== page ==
Sunday, December 31, 2017

Happy New Year

Here's hoping you all have a Happy New Year, and may your New Year's Eve celebrations be free of giant bee attacks and other such calamities.

Saturday, December 30, 2017

Thirst & Camaraderie

How Fear Came by Rudyard Kipling

The stream is shrunk--the pool is dry,
And we be comrades, thou and I;
With fevered jowl and dusty flank
Each jostling each along the bank;
And, by one drouthy fear made still,
Forgoing thought of quest or kill.
Now 'neath his dam the fawn may see,
The lean Pack-Wolf as cowed as he,
And the tall buck, unflinching, note
The fangs that tore his father's throat.
The pools are shrunk--the streams are dry,
And we be playmates, thou and I,
Till yonder cloud--Good Hunting!--Loose
The rain that breaks our Water Truce.

Friday, December 29, 2017

Thursday, December 28, 2017

The miniature worlds of Tatsuya Tanaka

Click any image to enlarge
Tatsuya Tanaka, a photographer and art director, has an ongoing project called The Calendar Project. In it he creates fascinating miniature scenes -- from the mundane to the fantastic.

These sample were taken from Colossal Art, there are more after the fold, and at either of the 2 links.

Wednesday, December 27, 2017

Washing dishes

With the holiday feasts over, it is time to wash dishes. Above is a video somebody made by putting a GoPro into a dishwasher. There are a surprising number of videos of the inside of dishwashers. I picked a short one because, well let's be honest here, even by my somewhat sketchy standards these are some pretty damn boring videos.

And of course, if you don't have a dishwashers, you'll want some Lux detergent to be easy on your hands when you wash dishes the old fashioned way.

Sunday, December 24, 2017

Merry Christmas

Santa's sleigh seems short on reindeers, but the old guy is magical so's I guess it is OK. Anyhoo ... have a good one all.

Saturday, December 23, 2017

How long will this vile custom last?

The Mistletoe Bough by Francis Wheatley
(click to enlarge)
Above is Francis Wheatley's painting The Mistletoe Bough. It depicts the old holiday tradition of stealing a kiss under a sprig of mistletoe. You can read about the history of mistletoe and how the tradition came about at  Maidens and Manuscripts' post Why do We Kiss Under the Mistletoe?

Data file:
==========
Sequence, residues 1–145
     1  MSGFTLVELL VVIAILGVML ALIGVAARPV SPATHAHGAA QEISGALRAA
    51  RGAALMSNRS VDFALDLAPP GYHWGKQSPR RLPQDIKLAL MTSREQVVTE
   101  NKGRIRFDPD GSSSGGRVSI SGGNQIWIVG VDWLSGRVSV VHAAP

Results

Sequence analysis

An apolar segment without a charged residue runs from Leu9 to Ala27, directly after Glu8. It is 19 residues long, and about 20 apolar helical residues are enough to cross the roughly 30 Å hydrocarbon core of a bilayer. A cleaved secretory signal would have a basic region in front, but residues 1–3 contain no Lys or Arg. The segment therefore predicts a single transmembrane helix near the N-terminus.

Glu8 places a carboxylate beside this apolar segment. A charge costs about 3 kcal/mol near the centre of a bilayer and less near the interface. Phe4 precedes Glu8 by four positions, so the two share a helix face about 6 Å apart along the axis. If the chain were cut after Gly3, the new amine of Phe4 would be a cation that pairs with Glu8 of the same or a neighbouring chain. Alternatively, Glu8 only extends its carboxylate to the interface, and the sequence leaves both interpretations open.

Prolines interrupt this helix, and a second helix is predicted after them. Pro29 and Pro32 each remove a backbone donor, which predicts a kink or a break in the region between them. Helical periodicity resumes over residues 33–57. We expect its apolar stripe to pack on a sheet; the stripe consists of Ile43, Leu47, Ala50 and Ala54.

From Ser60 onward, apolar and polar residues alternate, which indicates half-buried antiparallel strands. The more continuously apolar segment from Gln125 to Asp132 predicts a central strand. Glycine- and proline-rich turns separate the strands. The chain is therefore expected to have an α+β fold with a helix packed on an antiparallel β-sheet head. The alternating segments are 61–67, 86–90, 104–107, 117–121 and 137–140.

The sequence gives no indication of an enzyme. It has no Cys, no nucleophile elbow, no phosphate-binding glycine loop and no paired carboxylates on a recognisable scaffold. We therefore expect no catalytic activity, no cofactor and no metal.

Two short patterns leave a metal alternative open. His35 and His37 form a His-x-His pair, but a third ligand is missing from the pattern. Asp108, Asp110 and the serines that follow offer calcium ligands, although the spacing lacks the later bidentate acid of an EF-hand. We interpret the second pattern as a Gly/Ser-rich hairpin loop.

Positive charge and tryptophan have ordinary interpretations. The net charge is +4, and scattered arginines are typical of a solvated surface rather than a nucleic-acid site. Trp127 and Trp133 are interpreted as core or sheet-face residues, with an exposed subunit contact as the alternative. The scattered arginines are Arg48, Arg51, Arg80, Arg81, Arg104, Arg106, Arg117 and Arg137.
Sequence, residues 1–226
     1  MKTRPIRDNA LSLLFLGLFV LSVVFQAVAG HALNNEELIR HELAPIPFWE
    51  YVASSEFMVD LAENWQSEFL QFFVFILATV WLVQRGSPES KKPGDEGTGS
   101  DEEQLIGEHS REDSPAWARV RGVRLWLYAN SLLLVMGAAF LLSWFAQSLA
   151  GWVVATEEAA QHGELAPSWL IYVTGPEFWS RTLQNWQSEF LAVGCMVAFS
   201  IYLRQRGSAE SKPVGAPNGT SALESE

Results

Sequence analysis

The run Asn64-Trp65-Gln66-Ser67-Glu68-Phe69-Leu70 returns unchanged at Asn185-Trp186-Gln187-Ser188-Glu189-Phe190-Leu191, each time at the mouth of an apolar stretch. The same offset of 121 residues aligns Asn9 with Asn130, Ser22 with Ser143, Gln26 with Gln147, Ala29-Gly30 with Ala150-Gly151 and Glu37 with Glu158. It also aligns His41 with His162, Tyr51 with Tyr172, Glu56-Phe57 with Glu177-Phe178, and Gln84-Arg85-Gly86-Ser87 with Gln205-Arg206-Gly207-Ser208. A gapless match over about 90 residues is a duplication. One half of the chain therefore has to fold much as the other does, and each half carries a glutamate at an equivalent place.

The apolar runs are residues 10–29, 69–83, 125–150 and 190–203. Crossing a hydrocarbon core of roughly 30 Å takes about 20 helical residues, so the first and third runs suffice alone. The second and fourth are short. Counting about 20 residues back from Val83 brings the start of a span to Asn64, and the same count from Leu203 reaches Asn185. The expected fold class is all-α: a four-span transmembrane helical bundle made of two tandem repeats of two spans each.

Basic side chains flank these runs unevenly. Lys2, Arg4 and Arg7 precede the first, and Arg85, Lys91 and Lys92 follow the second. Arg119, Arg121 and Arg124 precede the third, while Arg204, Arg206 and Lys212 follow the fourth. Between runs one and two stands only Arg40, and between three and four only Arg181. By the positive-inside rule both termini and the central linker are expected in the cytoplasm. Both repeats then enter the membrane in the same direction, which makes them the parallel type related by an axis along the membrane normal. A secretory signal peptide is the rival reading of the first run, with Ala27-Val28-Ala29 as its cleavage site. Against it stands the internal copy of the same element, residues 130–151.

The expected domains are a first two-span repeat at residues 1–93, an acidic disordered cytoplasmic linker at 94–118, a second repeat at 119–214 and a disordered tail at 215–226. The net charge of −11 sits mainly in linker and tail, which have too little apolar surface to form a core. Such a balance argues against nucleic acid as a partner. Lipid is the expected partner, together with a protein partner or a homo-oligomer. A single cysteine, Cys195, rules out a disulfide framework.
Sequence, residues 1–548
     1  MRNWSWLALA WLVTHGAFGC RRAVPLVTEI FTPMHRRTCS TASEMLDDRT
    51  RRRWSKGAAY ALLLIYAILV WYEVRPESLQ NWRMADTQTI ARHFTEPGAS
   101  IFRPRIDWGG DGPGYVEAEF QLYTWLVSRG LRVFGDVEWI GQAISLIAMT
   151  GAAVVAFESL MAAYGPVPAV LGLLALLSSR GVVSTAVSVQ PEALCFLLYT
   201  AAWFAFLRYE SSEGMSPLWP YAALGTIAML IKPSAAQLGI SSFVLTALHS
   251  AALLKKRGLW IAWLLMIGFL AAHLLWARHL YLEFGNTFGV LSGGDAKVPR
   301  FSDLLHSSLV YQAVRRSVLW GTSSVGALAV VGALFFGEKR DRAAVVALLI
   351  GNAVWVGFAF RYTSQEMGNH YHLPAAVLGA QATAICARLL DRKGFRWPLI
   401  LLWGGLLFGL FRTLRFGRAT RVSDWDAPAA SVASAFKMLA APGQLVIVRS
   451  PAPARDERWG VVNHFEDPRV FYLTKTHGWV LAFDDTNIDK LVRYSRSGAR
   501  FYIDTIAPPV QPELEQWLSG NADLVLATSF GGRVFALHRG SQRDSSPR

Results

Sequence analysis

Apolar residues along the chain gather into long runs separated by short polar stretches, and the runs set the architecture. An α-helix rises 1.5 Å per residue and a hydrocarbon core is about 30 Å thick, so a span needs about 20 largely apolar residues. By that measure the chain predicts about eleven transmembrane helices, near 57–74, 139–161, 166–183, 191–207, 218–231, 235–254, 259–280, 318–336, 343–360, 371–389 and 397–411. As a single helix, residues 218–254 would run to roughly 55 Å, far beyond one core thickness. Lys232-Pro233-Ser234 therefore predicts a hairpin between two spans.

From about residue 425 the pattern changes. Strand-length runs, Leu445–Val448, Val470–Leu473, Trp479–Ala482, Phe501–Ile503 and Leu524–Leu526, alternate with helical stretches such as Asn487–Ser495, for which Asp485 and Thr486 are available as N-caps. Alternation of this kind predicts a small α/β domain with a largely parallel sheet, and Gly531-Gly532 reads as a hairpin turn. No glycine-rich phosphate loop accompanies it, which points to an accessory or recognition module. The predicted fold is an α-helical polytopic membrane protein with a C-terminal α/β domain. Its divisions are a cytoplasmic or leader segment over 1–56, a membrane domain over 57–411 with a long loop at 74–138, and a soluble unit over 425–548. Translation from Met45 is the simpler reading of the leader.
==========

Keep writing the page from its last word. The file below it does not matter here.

Considering the recent news of sexual coercion, and the ever expanding #MeToo business, I suspect that eventually in some circles simple flirtation may get swept up in the new Victorianism. I wonder if the mistletoe will survive? Or will it be as scandalous as showing an ankle?

Meanwhile, a poem:

Pick a berry off the mistletoe
For every kiss that’s given.
When the berries have all gone
There’s an end to kissing.

Friday, December 22, 2017

A different Christmas song

Well, if you're tired of Jingle Bells, this aint it. Above is a Japanese Christmas song that mixes up a lot of Christmas tunes, features the bubbly dancing singers in a refrigerator at one point, and repeats the lyric "Santa, Santa, Santa" an lot. Oh, there's also a roast turkey floating around in one scene and the girls also participate in the hallowed Christmas tradition of smashing cakes in each other faces. Enjoy.

Thursday, December 21, 2017

A Dragon Climbing a 17 Story Pink Tower

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Wat Samphran is a Buddhist temple in Thailand famous for a sculpture of a dragon wound around a 17 story pink tower as if it is climbing the structure. Actually, its interior was a staircase, although it is in bad shape these days. There is also a large Buddha statue as well as other huge statues of animals on the grounds.

Monday, December 18, 2017

Making toilet paper rolls